On April 17, Samuel Goldwyn Films will release AMERICAN VIOLET, a new film based on true events that occurred in a small Texas town. The film examines how drug laws and enforcement practices target African-Americans, and, how the justice system uses threats and intimidation to steer them towards guilty pleas, regardless of their innocence or the evidence against them. As the film points out, more than 95% of criminal convictions in this country are the result of plea-bargains, not jury trials. While the film is based on a specific case, the story it represents is hardly unique or isolated, and, the film’s release presents an exceptional opportunity to explore how the drug war has become the new Jim Crow.
AMERICAN VIOLET is inspired by the real life story of Regina Kelly, an African-American, single mother of four girls who was arrested in 2000 in a military-style drug raid. The raid resulted in the arrest of nearly 15% of the town’s young black male population for felony cocaine distribution. Kelly was innocent. Her name, along with the names of many others arrested (nearly all African-American), were given to police by a single, highly unreliable informant with personal reasons to antagonize her. Despite Kelly’s innocence, she was urged to plead guilty by her family and even her public defender so that she could return to her children and receive a minimal sentence. A felony conviction, however, would have resulted in the loss of her right to vote and the public assistance programs on which her family depended, not to mention the tainting of her personal reputation and her ability to obtain employment. She chose to maintain her plea of not guilty. The ACLU Drug Law Reform Project came on board to represent her.
In AMERICAN VIOLET, Kelly’s on-screen character is named Dee Roberts (played by newcomer Nicole Beharie) and the ACLU lawyer in the film is played by Tim Blake Nelson. Alfre Woodard, Charles Dutton, Will Patton, Michael O’Keefe and Xzibit also star. The town of Melody and certain other characters and events are fictitious.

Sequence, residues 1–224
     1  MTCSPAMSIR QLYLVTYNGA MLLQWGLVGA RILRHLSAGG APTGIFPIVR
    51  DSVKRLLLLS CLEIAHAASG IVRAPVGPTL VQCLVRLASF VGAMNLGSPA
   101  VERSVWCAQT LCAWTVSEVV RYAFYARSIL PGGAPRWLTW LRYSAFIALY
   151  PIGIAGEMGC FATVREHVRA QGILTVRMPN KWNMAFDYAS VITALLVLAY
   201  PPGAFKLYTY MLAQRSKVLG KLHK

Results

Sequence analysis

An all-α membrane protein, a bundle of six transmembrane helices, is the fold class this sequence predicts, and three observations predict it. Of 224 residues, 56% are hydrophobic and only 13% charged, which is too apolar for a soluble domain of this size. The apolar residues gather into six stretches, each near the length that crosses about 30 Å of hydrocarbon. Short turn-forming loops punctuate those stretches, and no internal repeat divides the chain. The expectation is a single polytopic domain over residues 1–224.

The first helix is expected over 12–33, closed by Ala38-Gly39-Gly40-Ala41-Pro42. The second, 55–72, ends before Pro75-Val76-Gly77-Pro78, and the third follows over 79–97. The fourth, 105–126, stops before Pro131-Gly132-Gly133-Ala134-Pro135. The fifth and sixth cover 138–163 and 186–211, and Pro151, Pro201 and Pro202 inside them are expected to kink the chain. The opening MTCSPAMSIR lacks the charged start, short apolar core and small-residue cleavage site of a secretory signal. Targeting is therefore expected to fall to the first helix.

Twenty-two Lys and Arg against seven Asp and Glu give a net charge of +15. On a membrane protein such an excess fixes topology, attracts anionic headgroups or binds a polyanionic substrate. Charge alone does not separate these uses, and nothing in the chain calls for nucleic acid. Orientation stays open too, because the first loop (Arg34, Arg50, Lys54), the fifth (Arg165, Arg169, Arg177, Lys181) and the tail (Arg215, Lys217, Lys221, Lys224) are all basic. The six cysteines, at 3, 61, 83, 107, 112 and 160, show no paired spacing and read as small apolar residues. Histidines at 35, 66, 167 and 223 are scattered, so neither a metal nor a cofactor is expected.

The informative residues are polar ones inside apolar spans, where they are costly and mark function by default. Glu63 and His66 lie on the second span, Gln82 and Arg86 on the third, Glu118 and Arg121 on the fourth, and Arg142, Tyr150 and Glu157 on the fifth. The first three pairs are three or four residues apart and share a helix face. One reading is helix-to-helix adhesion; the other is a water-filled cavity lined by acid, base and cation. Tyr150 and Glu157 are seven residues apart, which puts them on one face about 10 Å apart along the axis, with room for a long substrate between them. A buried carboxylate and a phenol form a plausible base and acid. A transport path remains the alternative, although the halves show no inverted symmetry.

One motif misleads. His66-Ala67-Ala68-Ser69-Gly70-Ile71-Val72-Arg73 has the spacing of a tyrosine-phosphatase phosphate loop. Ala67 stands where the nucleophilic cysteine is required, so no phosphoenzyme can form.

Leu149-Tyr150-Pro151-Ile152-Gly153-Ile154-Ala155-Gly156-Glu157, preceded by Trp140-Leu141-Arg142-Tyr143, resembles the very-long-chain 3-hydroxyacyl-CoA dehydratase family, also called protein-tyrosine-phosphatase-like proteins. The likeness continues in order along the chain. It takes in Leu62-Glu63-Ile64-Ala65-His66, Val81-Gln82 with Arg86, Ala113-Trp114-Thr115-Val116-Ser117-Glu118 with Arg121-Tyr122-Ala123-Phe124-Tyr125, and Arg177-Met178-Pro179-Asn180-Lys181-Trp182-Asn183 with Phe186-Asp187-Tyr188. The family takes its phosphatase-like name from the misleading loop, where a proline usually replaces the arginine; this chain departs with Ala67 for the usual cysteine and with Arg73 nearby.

Eventually, the charges against Kelly were dropped (as were the charges against most of the others arrested in the same drug raid due to the same informant’s lack of credibility). Yet, she was separated from her children while she was incarcerated, shamed in her small community by being labeled a drug dealer, fired from her job, and had difficulty obtaining employment thereafter; in short, her life was torn apart due to her arrest and her time in jail. Graham Boyd, Director of the ACLU Drug Reform Project represented her in a lawsuit against the county and the District Attorney (among other parties), for damages, which resulted in a settlement.
More importantly, the case resulted in a change in Texas law, whereby now, cases cannot be prosecuted based solely on the claims of a single informant.
This film's subject crosses over into some of my own personal history. Not only did I work with a lot of folks from Hearne to help pass the corroboration legislation for undercover drug informants at the Texas Legislature in 2001, at one point excerpts from this blog were actually submitted as evidence in the civil case.
The film premiers tomorrow night at St. Mary's Church in Hearne, and though it's a bit last minute, I may try to drive up for the event, if only to see some familiar faces. James Ragland at the Dallas News has a column about the movie, and you can see the trailer here.
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